Despite no tram top-up option, Myki wins on this.
Touch on/off speed
SmartRider wins this hands down. I found it consistently lightning fast.
In contrast Myki is patchy — sometimes fast (but I’ve never seen it as fast as SmartRider) and sometimes painfully slow.
With SmartRider I was able to walk through the gate without breaking step. Try that with Myki, even with the new gates, and you’d collide with the paddles.
SmartRider continues to use the terminology “tag on, tag off” — Myki originally used “scan on, scan off”, but moved to “touch on, touch off” in part due to slow response times.
I dare say if Myki was as fast as SmartRider, there’d have been less need to remove touch-off from trams… which would mean City Saver fares could have been kept (and indeed more flexibility with regard to future fare structures could have been maintained).
I suspect it’s in part because Myki devices are built on top of a general-purpose operating system (Windows CE)… I get the sense that many Smartcard devices in other cities are pretty much custom designs, without the overhead of that same kind of general-purpose operating system slowing them down.
Fare structure and discounts
The fare structure is somewhat independent of the ticketing system, but of course do influence each other.
Melbourne is two zones with overlaps, though some outer-suburban areas such as the farthest reaches of the Mornington Peninsula will become the new Zone 3 and zone 4. More zones will cover most of the rest of Victoria.
The old 2-hour and daily fares (“Myki Money”) still apply, with Weekend/public holiday discounts/caps. To get the further discounted weekly, monthly to yearly (28-365) “Pass” options, you have to buy these in advance.
Perth has nine zones, but this also covers some surrounding areas, for instance Mandurah which is about 70 km from the CBD (a bit further than Pakenham is from Melbourne’s CBD, is zone 7. Zones they don’t seem to have overlaps, which probably doesn’t matter given the larger number of them, and makes the system a bit easier to understand. With more zones, the cost increment for crossing a zone is much smaller — as little as 80 cents (cash fare) — which probably reduces the issues with Melbourne’s zone 1 — lots of people drive to the zone boundary to get a much cheaper fare.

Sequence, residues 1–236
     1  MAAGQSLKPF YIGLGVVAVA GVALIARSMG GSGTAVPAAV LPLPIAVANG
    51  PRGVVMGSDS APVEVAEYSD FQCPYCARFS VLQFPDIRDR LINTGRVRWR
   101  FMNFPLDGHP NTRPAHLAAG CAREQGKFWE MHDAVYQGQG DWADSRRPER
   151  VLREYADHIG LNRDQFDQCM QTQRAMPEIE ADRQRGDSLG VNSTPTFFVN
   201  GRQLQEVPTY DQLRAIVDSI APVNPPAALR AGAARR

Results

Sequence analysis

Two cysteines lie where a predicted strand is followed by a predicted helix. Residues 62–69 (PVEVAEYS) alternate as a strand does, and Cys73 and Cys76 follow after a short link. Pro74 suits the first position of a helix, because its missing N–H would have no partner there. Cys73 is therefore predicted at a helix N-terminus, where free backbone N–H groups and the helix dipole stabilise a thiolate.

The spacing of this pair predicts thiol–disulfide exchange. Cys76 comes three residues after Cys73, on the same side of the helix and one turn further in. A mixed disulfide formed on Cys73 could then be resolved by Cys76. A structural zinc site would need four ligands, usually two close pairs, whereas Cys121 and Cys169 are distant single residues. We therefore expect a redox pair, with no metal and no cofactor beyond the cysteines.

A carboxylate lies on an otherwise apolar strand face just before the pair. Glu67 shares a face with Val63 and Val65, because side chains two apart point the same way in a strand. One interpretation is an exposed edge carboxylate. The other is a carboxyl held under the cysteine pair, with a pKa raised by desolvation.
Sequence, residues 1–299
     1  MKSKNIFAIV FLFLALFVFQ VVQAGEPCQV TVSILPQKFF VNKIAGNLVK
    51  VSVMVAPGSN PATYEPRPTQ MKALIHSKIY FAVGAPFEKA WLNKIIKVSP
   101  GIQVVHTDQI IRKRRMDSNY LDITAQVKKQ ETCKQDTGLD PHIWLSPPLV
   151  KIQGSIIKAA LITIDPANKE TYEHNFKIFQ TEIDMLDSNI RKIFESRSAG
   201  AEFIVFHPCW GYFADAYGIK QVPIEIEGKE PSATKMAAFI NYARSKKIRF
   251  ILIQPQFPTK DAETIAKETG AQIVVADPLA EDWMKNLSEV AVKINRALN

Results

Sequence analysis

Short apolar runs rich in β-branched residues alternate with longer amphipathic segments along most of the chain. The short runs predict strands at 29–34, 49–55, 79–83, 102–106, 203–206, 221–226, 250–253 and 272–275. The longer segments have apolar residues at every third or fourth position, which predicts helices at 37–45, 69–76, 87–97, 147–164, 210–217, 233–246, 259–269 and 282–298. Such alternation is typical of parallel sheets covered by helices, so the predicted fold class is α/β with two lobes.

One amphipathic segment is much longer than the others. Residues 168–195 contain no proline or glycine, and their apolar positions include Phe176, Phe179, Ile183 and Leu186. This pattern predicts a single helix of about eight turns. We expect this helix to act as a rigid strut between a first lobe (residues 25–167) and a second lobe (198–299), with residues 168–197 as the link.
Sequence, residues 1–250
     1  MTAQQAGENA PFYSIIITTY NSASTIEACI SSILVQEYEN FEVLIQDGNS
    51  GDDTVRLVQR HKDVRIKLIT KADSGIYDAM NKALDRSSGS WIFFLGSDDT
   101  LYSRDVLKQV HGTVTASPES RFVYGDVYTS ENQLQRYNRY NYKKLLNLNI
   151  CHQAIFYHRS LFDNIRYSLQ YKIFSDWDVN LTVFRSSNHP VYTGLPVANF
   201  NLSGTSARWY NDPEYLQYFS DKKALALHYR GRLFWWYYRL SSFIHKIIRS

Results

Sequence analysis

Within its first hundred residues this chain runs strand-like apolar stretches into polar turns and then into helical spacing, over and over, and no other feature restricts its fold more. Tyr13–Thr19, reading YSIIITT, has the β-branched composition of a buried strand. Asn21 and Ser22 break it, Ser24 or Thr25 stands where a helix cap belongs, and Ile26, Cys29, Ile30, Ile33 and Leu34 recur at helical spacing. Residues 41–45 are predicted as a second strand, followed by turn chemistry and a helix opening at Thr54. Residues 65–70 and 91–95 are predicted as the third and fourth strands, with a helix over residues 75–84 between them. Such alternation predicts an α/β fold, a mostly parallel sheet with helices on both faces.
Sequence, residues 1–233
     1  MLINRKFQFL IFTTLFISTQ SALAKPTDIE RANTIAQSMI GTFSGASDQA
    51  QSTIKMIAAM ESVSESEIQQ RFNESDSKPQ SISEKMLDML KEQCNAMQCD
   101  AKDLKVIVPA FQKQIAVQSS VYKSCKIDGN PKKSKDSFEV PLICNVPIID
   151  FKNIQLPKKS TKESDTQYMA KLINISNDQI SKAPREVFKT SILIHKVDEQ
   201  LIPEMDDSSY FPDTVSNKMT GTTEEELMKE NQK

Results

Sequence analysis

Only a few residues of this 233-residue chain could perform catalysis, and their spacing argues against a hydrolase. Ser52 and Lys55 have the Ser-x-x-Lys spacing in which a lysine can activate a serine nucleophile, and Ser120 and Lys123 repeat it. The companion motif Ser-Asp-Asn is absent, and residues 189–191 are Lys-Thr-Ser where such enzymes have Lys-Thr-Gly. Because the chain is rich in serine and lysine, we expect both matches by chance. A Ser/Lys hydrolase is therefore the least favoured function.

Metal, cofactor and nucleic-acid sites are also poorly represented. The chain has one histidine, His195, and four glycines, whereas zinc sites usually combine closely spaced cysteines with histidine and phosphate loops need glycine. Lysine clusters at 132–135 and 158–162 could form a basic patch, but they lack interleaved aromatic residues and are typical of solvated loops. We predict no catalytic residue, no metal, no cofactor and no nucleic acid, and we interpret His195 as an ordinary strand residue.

A fare is 2 hours if it covers up to 4 zones; for more zones it’s 3 hours. A daily cap of $11 applies. There are no weekly or monthly discounts or caps, and there appear to be no off-peak or weekend/holiday discounts.
When buying a cash/paper ticket from a ticket machine, you tell it how many zones you want. The resultant ticket has the originating station and the number of zones. It’s not crystal clear to me how you are prevented travelling in both directions from there — I guess not many people take advantage of it.
SmartRider gives you a 15% discount on the cash fare, but switching to auto top-up makes it a 25% discount.
Melbourne: Many would know that Myki has been troubleprone, and is still not fully rolled out. The cost is huge ($1.5 billion over ten years, including running costs — about two-thirds of it is the start up and installation).
Perth: SmartRider is also not without its problems. The system was cheaper to rollout (apparently $35 million, presumably excluding running costs), but the public transport network is smaller, and there are much fewer vending/top-up machines around the system, as well as a much smaller network of retail agents. With a little research, one might be able to come up with a “per device” figure comparing the two systems.
I got the impression that fewer Perth railway stations are staffed, and even at those that were, the staff won’t sell you tickets — though they did offer to help me with the machines.
I also noticed that on a SmartRider add value machine, the card is inserted into the machine, which avoids the Myki problem of it sitting in a cradle on the front of the machine, and the possibility of it being removed before the transaction is complete — and also the issue of transactions not being cancelled properly.
Myki is actually better in a number of ways. It’s significantly cheaper and easier to get a card, and to top it up once you’ve got it, and these factors are undoubtedly important.
But SmartRider is better on a couple of really critical areas: on speed of touching/tagging and on the availability of short term paper tickets for those who don’t have a card.
An ideal system, I suppose, would have the wider availability of Myki, but the high-speed response times and short term ticket options of SmartRider.